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I've made a virtual processor with a simple instruction set and memory model as a learning exercise (and mostly just for fun). I can write programs in its assembly language, assemble them with my assembler, and successfully run them on a virtual machine.

I've been wanting to write a compiler for a higher-level language that targets this machine so I don't have to write everything in assembly. I've heard of LLVM, a compiler project that supports multiple front-ends for different languages and outputs IR that is somewhat assembly-like. This IR is given to a platform-specific backend that turns it into assembly/machine code for a platform.

I've looked into writing my own backend; I've seen LLVM's backend tutorial and the backend for Cpu0 tutorial, and, frankly, it looks a bit complicated.

Is it feasible to write a compiler, external to LLVM, that reads LLVM's *.ll files and outputs assembler for my platform, as opposed to writing a whole new LLVM backend?

I don't care much about my code running fast and being highly optimized right now, I just want to get real code compiling to it. I'm okay with figuring out the register allocation, et. al. on my own, I don't need it to be efficient.

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    I'm confused. I thought a program that reads .ll files and outputs files for your platform is an LLVM back end. – Karl Bielefeldt Sep 4 '18 at 2:04
  • You're right - I'd like to write one external to LLVM, one that simply parses the IR, turns it into a simple AST, and generates code based on it. I've edited the question. – Celarix Sep 4 '18 at 2:13
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That depends on what you mean by feasible. It's certainly possible.

However, LLVM IR in its initial form is not particularly suitable for direct translation. Inefficient generated IR aside, it's still meant for a rather abstract machine. It has lots of complicated instructions that may not map directly to equivalents on your side, e.g. vector instructions, elementptr, call-with-arguments. It has an infinite number of registers.

So to write an LLVM backend you need to do the things outlined in the basic steps section of that tutorial. Describe the machine, describe its registers, describe its instructions, write some additional code for the emitters, and if you want, add some peephole optimizations. LLVM has lots of code generators to make these tasks more compact and less boilerplate-y than writing the code for it by hand.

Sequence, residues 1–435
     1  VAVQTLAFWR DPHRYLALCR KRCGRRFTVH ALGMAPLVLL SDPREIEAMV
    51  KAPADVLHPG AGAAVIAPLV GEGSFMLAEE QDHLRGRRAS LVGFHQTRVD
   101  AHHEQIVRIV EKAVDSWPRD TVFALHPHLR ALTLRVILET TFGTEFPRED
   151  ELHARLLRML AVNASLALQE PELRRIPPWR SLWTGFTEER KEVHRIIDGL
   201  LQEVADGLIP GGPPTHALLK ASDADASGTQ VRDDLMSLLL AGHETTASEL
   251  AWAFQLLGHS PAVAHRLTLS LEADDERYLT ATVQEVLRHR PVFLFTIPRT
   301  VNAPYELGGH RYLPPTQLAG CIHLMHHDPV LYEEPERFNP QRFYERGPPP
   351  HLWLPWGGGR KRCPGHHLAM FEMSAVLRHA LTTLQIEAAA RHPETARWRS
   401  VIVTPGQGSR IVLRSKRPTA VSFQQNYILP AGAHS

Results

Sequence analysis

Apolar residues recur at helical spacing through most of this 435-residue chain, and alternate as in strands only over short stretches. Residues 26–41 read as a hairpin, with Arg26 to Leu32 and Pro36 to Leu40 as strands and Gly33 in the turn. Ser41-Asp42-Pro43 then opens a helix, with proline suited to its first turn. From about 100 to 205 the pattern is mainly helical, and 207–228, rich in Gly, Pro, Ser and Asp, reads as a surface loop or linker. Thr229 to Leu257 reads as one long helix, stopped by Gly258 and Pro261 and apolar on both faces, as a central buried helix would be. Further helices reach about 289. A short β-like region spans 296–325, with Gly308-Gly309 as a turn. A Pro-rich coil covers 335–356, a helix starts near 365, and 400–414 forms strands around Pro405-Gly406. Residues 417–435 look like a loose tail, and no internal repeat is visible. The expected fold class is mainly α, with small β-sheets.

To write your own IR compiler, you need to:

  • Read the IR, ideally in both text and bitcode formats (you could use the LLVM libraries for that).
  • Write code to select native instructions to match the IR instructions.
    • In some cases, this may mean longer instruction sequences, i.e. a single LLVM call may resulting in a sequence of stack pushes followed by a call instruction followed by cleanup code.
  • Write code to select native registers to put the values in.
    • You don't have infinite registers. You may have to generate additional instructions to spill some values to the stack, but without interfering with other stack operations.
  • Write code to generate the resulting instruction sequences. This means lots of boilerplate. You have to write a bit of code for every machine instruction.
  • Write code to put the resulting object code into a format that your CPU can process.

This is a lot of work that LLVM no longer does for you. I'd say it's almost certainly a lot faster to just learn how to write the LLVM backend. Yes, the concepts may be a bit daunting up front, but the amount of work you save is significant.

  • Yes, I think you're right. I'm going to have to write a ton of code either way (instruction selection, et. al.), might as well learn LLVM while I do it. – Celarix Sep 5 '18 at 0:35

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